The promissory estoppels doctrine is characteristically described in two distinguished paragraphs. First one is that it is one of the primary principles that is engaged in all Courts of Equity, that in case parties have agreed to the separate and definite terms involved in legal results or forfeitures, then after with their own approval they enter in a negotiation course that has the outcome of leading any party to assume that rights taking place under the agreement will not impose, or kept secretly (Strong, 2016). An individual who may have imposed these rights will not be entitled to impose them in an inequitable state regarding the dealing that took place among the parties.  The second paragraph says that if an individual is holding contractual rights in opposition to others inducing their conduct those not in favour of those having such rights to suppose that these rights would not be imposed or will be kept secret for a certain period of time (Hayes, 2017). Those individuals will not be entitled by Court of Equity to impose right till the specified time.  (Halsbury’s Laws of Singapore vol 9(2) (LexisNexis, 2003) at para 110.277).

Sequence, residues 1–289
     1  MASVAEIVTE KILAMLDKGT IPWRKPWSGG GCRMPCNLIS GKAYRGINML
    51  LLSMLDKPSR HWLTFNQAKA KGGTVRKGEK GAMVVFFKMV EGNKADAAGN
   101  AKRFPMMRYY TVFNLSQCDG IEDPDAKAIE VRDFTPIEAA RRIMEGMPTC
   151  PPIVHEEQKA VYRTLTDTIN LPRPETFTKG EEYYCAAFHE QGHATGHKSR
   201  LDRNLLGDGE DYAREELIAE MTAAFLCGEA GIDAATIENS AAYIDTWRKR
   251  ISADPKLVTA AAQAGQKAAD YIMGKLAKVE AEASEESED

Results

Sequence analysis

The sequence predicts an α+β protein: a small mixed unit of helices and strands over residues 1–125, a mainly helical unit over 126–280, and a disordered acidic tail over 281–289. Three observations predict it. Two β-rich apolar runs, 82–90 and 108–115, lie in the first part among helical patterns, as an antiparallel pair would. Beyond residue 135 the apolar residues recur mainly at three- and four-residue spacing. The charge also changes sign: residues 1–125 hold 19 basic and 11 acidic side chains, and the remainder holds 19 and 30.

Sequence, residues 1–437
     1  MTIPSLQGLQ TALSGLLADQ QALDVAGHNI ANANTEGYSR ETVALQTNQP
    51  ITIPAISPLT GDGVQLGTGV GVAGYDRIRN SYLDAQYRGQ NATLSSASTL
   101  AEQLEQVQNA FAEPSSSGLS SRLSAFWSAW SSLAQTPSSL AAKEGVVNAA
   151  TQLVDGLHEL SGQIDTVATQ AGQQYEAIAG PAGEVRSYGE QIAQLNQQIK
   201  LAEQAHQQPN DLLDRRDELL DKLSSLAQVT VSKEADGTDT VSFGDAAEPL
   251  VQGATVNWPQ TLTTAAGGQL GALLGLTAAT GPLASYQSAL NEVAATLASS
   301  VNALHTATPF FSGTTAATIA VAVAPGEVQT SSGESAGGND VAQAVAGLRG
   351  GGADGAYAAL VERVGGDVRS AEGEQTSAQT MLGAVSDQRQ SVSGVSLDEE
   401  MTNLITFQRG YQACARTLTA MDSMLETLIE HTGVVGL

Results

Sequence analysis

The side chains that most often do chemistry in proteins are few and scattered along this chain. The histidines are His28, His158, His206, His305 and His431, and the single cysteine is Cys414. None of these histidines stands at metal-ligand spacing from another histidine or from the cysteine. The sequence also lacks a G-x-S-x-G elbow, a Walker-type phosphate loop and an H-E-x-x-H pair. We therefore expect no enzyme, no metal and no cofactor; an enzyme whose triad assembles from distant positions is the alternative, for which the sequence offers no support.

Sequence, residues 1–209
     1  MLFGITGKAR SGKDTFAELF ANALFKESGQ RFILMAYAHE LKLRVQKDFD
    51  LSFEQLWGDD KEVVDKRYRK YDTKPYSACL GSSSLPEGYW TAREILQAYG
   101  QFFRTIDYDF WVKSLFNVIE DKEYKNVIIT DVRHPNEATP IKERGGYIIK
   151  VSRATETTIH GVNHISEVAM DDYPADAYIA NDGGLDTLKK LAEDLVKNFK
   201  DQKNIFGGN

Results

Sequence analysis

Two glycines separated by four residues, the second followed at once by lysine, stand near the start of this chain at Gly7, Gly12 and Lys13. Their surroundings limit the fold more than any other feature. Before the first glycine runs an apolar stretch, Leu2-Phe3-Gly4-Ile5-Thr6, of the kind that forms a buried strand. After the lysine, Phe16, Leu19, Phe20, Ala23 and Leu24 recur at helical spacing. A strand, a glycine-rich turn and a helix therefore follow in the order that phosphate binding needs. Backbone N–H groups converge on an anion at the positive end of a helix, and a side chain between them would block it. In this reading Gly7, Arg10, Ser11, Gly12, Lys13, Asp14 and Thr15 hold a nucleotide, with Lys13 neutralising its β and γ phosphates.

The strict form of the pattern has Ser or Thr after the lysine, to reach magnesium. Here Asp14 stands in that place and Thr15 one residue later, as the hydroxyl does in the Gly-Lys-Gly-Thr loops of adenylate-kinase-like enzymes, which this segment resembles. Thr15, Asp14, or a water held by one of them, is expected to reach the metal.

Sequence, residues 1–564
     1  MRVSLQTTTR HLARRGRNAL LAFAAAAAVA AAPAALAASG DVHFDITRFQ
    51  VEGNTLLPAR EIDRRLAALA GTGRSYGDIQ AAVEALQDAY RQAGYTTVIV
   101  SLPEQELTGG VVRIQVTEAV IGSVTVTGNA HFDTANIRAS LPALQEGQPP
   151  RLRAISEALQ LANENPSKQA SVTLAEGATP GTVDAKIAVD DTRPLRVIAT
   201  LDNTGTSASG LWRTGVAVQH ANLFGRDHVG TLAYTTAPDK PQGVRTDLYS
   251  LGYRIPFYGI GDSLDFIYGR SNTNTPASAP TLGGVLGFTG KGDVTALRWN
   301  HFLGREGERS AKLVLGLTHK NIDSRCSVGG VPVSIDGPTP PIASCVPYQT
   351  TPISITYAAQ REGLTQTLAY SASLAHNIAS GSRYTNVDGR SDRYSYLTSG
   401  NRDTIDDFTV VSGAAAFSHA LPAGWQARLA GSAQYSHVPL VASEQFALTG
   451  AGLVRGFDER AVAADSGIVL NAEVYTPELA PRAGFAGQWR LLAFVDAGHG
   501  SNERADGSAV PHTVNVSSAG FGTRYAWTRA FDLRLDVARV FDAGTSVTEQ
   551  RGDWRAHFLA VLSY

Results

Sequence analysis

Express Trusts

Case: QBE Insurance (International) Ltd v Winterthur Insurance (Far East) Pte Ltd [2005] Brief fact

During 1956, Mr Gillet dropped school at the age of fifteen for the purpose of working at the farm of Mr Holt. His parents desired that he would have continued his school and completed his levels of O and A. Mr Holt never married and had no kids. He liked the enthusiasm of Mr Gillet and started his training and assured to pass the business to him. He made various promises to him all along his working time-period that in near future the farm will be passed to him and had prepared numerous wills stating him as a beneficiary. In regards to these assurances, Mr Gillet agreed to work on a low wage for long hours and did not continue his education or look for work. In 1995, on the other hand, a dispute was raised; Mr Holt discharged Mr Gillet and further changed his will to eliminate Mr Gillet. Mr Gillet was dependant on proprietary estoppel. The trial judge declined the claim affirming that since a will can be altered, further there was no irreversible promise subsequent Taylor v Dickens. Mr Gillet appealed.